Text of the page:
The second unique feature is of the more typical variety, but a very rare version: the interior of this 930 is leather-to-sample with Dr. Fuhrmann seats. Fuhrmann seats are extremely rare in a 930. They’re also really strange looking, but ultimately it is their rarity that will win the day here. Combined these two features make for one very special 930. At least if you care about these things.

CLICK FOR DETAILS: 1978 Porsche 930 on eBay

Year: 1978
Model: 911 Turbo
Engine: 3.3 liter turbocharged flat-6
Transmission: 4-speed manual
Mileage: 25,965 mi
Price: Reserve Auction

This 930 Turbo is so rare! It was previously owned by Peter Gregg, the founder of Brumos Porsche. The car was awarded to Gregg after winning the 1978 24 Hours of Daytona, and acquired by Auto Palace in 2015 from a private collection. The exterior of the 930 Turbo is Grand Prix White the interior is a leather-to-sample, with the rare factory Dr. Fuhrmann Interior and Seat option. Extensive service records are present for the vehicle. For further information, call 614-347-3257.

While always important, documentation will be paramount with this 930 both to validate claims of Gregg’s ownership and also the originality of the interior of the car. We’ll also want to know something about its history and the level of originality this 930 possesses. A quick search of the VIN turns up a little bit of information, but nothing too definitive. It appears the interior is substantially original, but the exterior likely was repainted. That’ll bring the value down a little, but shouldn’t be too harmful.

I am pretty interested in how this 930 gets valued. Famous owners can attract extra dollars, though not always and sometimes their fame has to be much more broad than someone like Peter Gregg who won’t be known by many outside of racing circles. A very low mileage and totally original ’78 930 can bring in pretty high values, easily exceeding $150K, and that doesn’t even get to the unique features of this particular 930. So we could be looking at something pretty special. Bidding, however, remains very much on the low end for such a car, reaching only $60,100 as of writing. We’ll see how everything changes, but right now I can’t imagine this will be going anywhere any time soon.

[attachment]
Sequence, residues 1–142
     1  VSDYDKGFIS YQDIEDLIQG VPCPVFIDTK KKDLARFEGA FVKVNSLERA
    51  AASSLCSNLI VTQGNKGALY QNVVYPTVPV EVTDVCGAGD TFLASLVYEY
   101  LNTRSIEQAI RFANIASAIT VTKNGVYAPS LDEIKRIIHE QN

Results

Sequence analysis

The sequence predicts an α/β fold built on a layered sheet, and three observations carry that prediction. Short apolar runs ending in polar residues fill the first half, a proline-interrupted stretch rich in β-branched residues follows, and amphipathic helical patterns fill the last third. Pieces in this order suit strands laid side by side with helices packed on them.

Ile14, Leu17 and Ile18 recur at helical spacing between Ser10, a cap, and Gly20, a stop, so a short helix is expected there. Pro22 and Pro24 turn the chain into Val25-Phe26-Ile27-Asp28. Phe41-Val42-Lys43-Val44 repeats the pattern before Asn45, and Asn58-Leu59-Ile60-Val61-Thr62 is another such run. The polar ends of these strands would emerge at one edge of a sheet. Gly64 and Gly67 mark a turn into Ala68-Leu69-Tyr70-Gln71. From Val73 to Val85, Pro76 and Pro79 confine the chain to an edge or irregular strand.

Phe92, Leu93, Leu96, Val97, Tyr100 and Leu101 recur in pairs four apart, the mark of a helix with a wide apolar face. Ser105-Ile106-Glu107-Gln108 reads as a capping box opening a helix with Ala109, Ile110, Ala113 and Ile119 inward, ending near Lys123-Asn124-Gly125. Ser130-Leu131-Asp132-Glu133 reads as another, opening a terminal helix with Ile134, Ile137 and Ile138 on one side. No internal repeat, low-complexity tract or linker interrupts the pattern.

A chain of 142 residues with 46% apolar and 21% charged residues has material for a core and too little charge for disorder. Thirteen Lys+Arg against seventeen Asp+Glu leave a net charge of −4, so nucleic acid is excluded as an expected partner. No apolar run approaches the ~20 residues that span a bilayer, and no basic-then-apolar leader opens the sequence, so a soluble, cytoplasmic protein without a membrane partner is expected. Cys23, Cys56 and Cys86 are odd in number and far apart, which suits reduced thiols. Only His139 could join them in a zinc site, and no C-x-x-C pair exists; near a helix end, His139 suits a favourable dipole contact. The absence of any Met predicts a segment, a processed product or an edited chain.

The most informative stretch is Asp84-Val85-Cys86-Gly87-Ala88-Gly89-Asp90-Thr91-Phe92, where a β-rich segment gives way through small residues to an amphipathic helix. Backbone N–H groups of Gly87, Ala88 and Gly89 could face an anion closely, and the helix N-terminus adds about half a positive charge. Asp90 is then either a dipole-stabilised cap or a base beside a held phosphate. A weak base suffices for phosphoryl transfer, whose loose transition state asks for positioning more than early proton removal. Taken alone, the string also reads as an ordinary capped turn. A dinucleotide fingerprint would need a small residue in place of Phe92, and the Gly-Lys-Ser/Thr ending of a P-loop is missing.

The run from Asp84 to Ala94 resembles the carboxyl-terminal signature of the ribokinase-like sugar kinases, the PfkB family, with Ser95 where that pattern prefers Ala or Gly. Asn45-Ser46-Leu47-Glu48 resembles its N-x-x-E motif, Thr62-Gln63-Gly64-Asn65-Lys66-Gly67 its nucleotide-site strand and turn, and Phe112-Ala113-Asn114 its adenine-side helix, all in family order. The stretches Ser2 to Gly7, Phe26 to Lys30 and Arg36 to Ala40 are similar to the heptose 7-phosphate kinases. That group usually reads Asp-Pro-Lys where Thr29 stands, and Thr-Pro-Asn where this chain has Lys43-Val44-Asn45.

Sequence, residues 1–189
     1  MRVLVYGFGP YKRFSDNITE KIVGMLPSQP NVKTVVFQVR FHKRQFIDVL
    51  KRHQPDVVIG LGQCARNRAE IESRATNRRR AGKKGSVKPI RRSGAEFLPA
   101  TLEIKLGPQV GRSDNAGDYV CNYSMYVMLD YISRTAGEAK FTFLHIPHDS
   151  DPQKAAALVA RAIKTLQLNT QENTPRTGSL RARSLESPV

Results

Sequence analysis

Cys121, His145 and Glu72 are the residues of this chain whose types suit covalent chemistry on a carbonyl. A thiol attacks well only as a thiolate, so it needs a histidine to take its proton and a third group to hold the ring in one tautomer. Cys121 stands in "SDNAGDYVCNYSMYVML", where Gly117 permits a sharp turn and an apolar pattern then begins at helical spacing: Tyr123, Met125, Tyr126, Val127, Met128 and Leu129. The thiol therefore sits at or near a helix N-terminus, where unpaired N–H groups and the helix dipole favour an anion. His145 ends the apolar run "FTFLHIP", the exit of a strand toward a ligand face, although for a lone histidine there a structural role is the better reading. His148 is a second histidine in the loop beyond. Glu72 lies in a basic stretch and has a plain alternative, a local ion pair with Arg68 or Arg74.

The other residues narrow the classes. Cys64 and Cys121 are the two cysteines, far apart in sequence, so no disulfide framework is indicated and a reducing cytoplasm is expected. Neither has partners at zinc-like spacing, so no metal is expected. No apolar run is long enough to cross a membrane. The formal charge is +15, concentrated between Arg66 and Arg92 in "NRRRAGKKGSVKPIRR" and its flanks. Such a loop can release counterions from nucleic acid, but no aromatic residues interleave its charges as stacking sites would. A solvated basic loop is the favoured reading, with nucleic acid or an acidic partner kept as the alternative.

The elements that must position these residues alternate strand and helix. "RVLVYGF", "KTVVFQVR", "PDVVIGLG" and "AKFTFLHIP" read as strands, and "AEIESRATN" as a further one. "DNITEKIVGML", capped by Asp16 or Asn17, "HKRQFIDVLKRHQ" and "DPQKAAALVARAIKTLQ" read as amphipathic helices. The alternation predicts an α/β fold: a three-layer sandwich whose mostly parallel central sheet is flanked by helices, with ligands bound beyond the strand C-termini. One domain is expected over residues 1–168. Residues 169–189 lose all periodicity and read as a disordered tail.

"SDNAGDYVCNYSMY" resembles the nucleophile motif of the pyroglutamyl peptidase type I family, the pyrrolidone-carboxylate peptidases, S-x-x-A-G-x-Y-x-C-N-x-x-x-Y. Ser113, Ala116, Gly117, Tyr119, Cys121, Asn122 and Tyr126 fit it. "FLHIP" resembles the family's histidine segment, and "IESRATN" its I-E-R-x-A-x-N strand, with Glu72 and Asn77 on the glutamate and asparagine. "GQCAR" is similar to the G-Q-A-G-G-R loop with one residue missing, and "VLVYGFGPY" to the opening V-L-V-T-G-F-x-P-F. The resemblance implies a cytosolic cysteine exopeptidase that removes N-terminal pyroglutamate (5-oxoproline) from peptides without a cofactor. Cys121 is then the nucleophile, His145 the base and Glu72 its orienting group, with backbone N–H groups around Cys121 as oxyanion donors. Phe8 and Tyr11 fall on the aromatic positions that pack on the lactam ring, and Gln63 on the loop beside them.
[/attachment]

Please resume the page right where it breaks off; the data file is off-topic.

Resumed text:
1978 Porsche 911SC Targa

I have a good number of questions about this 911SC, most of which are of the typical variety so not necessarily of great significance, but let’s just look at it first. A yellow 911SC is a pretty rare thing. They certainly exist – we’ve even featured a couple – but we do not see them often. A yellow car with a non-black interior seems even more rare, though I think its rarity is more among modern cars where I almost always see yellow paired with black. I’ve seen yellow over tan/brown/cork with more frequency on Porsches from the ’70s. So perhaps the combination has fallen out of style now, but was not always the case. Regardless, it’s what we have here and it looks pretty great! The roll hoop stands out particularly well and to great effect.

CLICK FOR DETAILS: 1978 Porsche 911SC Targa on eBay

Year: 1978
Model: 911SC Targa
Engine: 3.0 liter flat-6
Transmission: 5-speed manual
Mileage: 109,424 mi
Price: Reserve Auction

1978 Targa 911SC 109k Miles California car rust free looks and runs good. For any questions call If you would like to see it in person just let me know Thanks (707)292-6725